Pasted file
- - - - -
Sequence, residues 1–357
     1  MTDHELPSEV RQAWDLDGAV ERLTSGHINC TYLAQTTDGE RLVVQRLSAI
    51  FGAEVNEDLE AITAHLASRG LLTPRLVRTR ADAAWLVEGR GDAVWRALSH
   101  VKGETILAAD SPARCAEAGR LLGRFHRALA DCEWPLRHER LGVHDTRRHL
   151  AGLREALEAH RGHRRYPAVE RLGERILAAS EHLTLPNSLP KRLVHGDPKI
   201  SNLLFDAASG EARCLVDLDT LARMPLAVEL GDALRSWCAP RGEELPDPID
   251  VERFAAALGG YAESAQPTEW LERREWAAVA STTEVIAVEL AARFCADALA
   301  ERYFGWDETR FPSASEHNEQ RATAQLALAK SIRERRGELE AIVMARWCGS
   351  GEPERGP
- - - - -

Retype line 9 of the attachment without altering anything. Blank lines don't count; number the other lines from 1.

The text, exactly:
   351  GEPERGP